With more use, WRTA faces cost hazards
By Doug Livingston
The Western Reserve Transit Authority’s September expansion to a countywide service plan is paying off in ridership increases.
The authority originally estimated the expansion would bring an additional 50,000 riders for 2010. In the first five months of expanded service, however, 100,000 additional riders have taken the bus compared with the same period in 2009.
But the expansion brings concerns, said WRTA President Michael Bosela.
The new service means increased costs amid fluctuating sales-tax revenue.
Officials are pondering how to control costs and stay within their new budget.
Historically, the Mahoning transit system is no stranger to funding problems.
WRTA’s expenditures in 2006 were $1.5 million more than its revenue. The transit authority cut service 60 percent to compensate for this deficit.
Passage of a 0.25-percent sales tax in November 2008 has provided more than $3 million in additional revenue compared to what property taxes generated. Services have expanded to include the connecting current routes, the creation of other routes and an extensive curb-to-curb service.
The transition was completed in September.
“We’ve been poor for a long time,” said James Ferraro, transit authority executive director. “We think we’re kind of good at it. But, again, we haven’t been rich at all, so we’re not so good at that. We’re going to have to keep a keen eye on where we’re headed.”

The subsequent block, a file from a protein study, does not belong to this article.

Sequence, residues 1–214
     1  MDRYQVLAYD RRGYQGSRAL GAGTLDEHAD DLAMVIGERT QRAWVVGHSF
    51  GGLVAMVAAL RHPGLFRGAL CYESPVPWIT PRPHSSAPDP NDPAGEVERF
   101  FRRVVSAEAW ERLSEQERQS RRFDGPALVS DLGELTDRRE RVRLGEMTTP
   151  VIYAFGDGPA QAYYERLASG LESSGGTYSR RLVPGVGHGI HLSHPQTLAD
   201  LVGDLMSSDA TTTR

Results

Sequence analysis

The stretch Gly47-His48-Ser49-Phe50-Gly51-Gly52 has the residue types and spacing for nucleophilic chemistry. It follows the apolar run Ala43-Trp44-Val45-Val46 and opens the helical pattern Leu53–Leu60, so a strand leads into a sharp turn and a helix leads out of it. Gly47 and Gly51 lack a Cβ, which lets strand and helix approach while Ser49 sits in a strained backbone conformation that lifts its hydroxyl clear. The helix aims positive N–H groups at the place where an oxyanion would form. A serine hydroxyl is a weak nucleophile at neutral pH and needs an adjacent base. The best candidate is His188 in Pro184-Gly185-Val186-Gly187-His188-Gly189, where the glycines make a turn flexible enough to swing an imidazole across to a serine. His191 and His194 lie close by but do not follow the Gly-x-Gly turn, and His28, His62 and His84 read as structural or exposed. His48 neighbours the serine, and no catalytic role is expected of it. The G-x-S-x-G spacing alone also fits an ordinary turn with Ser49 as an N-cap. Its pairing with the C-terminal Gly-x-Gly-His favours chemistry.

Ferraro says he is aware the taxpayers who voted for the sales tax will be watching how their money is spent.
The expanded service could be cut back or altered after a June assessment. Ferraro said that if routes such as Boardman, Struthers and Cornersburg do not produce higher numbers, they will face extinction or experience a lower frequency of buses.
“We’ve been talking to elected officials in a number of those communities about, basically, use it or lose it,” Ferraro said.
Ridership bottomed out in 2008 at about 900,000 riders annually. In 2005, before the 60-percent service cutback, ridership peaked around 1.55 million. Ridership is on the rise again since route reinstatements began in February 2009.
The operating budget always is a tight issue.
The sales tax and stimulus funds could not have come at a more crucial time.
Operational assistance has been pulled from the first stimulus package in the amount of $352,000. An additional $352,000 is earmarked in a request for a second round of stimulus. These funds assist in paying for added expenses incurred by the service expansion, including extra fuel and maintenance costs.
The stimulus money is used as an “aid,” Secretary Treasurer Marianne Vaughn said.
Bus maintenance is expected to increase by $1.2 million annually under the expanded service.
Like any other transit system, federal and state funding must be secured in order to operate. Nearly $2 million is collected annually — $1.7 million from the federal government and $300,000 from the state.
The sales tax is supporting the countywide expansion. The tax, however, is subject to fluctuate with the local economy.
WRTA budgeted $4.5 million in revenue from the sales tax last year. It collected $4.2 million. The authority budgeted $5.3 million for 2010.
The NewsOutlet is a joint media venture by student and professional journalists and is a collaboration of Youngstown State University, WYSU Radio and The Vindicator.